Chief Marketing Officer, The Chicago Community Trust
BA in economics from Oberlin College
Daniel Ash MPP ‘94 was a kid who didn’t know how he wanted to add value to the community, but always knew he would give back. Growing up in Youngstown, OH, (located 65 miles southeast of Cleveland) where steel was the backbone of the local economy, Ash saw firsthand what happens when a mid-sized city lacks economic diversification and the main industry disappears: unemployment, poverty, inequality, and economic instability. The experience was formative, sparking a desire to “deal with the tough issues [he] saw growing up, beginning with understanding how a place like [his] hometown could overcome the massive loss of manufacturing jobs.”
As a result, Ash pursued a BA in economics at Oberlin College, which he immediately followed with a prestigious Woodrow Wilson summer fellowship in public policy at Princeton University. The decision to pursue an MPP stemmed from that fellowship experience, interest in the “applied side of economics,” and the desire since adolescence to make a difference. Ash chose the University of Chicago Harris School of Public Policy over multiple other top-tier programs for one simple reason: UChicago had smart people working on problems of practice that mattered to him.
Ash explains, “The University of Chicago is a mid-western laboratory with fascinating scholars working on real problems.” He counts William Julius Wilson, who did much of his pioneering work in sociology at the University of Chicago, as the practitioner that most inspired him at the time. “Wilson and others were working on problems that continue to matter deeply to me, like urban planning and poverty. Their work pushed me towards Harris where I became doubly convinced that I was meant to commit myself to areas such as these.”
Since graduating from the Harris School in 1994, Ash has supported non-profits dedicated to a broad base of issues, including poverty, welfare, HIV/AIDS, non-custodial parent engagement, adolescent sexual health, and media integrity, all culminating in his present role as the Chief Marketing Officer at the Chicago Community Trust.
Ash’s path to that role was greatly informed by his time at Harris and his first job at the Illinois Caucus for Adolescent Health (ICAH), a small non-profit advocacy organization to advance welfare policies for teenage mothers. Ash became their “policy guy,” but quickly became frustrated that regardless of excellent research—decade after decade—that proved a policy issue didn’t work, the Caucus’s staff were still forced to fight the same misinformation. It became clear to Ash that policy wonks weren’t necessarily all that successful at communications and messaging. A career trajectory was born.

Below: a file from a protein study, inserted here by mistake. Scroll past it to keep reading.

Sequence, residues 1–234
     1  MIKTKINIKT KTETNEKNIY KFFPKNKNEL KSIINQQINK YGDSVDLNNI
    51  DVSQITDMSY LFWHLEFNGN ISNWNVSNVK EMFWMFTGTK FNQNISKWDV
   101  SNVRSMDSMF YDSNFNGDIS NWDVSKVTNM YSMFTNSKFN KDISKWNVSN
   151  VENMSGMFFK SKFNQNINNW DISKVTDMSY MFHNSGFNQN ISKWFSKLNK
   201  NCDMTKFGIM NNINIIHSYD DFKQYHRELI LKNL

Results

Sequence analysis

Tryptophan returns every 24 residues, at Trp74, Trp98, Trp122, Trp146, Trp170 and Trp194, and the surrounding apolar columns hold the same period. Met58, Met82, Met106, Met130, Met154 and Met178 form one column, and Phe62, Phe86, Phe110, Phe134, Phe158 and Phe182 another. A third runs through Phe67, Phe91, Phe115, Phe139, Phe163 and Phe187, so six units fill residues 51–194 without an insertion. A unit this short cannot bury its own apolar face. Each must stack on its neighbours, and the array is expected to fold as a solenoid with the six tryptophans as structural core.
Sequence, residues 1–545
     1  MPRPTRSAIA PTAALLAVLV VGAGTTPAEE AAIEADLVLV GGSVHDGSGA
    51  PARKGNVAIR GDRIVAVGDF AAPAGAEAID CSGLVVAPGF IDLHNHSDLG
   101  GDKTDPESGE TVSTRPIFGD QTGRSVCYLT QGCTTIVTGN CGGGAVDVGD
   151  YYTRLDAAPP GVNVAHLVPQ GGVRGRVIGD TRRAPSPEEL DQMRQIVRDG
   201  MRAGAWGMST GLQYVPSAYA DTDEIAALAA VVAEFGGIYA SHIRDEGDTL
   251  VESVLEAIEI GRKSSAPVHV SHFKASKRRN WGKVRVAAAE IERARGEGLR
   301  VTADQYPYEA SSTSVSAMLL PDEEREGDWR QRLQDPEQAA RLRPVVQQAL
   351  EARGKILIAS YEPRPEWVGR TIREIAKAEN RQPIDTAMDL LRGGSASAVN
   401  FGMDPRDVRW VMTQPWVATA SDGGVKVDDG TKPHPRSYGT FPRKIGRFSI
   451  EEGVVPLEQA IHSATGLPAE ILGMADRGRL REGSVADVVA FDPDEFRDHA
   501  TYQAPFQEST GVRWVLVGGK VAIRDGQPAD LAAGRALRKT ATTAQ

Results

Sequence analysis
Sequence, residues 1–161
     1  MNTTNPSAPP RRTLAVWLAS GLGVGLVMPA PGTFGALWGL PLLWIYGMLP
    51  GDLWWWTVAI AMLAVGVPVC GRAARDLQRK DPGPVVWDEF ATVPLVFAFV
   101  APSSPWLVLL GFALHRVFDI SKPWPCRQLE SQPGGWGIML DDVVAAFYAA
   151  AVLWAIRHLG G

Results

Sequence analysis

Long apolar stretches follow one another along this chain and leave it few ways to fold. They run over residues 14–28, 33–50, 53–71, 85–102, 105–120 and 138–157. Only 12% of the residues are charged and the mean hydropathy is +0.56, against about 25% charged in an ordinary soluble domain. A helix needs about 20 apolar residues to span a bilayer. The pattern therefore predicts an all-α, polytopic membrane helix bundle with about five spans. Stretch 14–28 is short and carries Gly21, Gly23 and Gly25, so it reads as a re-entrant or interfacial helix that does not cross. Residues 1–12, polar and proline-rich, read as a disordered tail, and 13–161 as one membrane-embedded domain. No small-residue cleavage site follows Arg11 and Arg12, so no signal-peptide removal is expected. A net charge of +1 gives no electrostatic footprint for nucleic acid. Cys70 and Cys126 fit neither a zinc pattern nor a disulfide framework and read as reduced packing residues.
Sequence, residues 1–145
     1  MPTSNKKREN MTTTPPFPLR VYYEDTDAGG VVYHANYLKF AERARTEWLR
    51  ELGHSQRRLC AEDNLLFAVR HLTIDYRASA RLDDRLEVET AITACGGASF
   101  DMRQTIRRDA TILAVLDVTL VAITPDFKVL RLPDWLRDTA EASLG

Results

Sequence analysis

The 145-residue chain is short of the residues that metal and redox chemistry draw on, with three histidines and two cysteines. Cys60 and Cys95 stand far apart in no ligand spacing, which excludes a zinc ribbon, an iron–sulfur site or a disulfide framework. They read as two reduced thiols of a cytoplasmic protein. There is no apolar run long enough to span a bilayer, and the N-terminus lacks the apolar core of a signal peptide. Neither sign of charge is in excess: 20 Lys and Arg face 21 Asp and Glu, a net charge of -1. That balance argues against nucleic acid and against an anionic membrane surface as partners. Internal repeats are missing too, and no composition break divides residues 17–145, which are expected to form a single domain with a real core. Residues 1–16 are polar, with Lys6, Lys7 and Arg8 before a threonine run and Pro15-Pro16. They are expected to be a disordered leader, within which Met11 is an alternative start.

“I decided we needed to get good at selling our ideas if we were going to be successful,” says Ash. “I never imagined having a Chief Marketing Officer title, but people noticed that, ‘Daniel knows the issues. Daniel is committed to communicating the issues. Daniel can raise money for the issues.’ So, my organization swiftly became comfortable with my dual existence. I could out-wonk the policy wonks, but felt very comfortable speaking with those who could advance our campaigns and ideas. Then, that became a bridge to fundraising. Those three things differentiated me in the market.”
Embraced as a triple threat—policy wonk, master communicator, and skillful fundraiser—Ash moved from ICAH to the Center on Family Policy and Practice to the Chicago Department of Health to the Sargent Shriver Center on Poverty Law, and eventually landed as the Vice President of Strategic Communications at WBEZ Chicago (NPR affiliate).
“When I began at WBEZ, 90-92 percent of our listeners were well-educated and white, while most of Chicago had no idea who Ira Glass was. My feeling was that public media is too good of a resource to only be consumed by one segment of our community,” says Ash. “I became committed to the belief that every resident should have access to good, fact-based media. I didn’t work there just because I loved the content. I loved the mission.”
After almost nine years at WBEZ, Ash began at The Community Trust in order to touch multiple issues through one role. At the Trust, Ash leads strategic marketing and communications, development, and civic engagement programming for the foundation, which is dedicated to improving the region though grant-making, civic engagement, and philanthropy.
Ash says he learned the skills to be successful in his role at the Trust at Harris. “The pursuit of knowledge with other Harris students—working through problems and projects together—taught me how to negotiate and how to work in real time with other individuals. At Harris, some people were sociology majors or mathematicians, but we would all work together to solve a problem. I realized there’s a huge benefit to being in a space where everyone looks at something through a different lens. Those experiences help developed my ability to build personal relationships that are so necessary in the workspace. Because of my experience at Harris, I have the tools to be successful in any arena and with any audience.”
Ash closes with advice to those considering a public policy degree. “Getting a policy degree opens many doors, and closes none. Many people feel like they must make a choice that is going to lead them down a specific path, like business or law. Public policy is a discipline that can open multiple pathways to careers. The analytical rigor and quantitative skills you develop at Harris are tools that you will always use, no matter where you go or what you do.”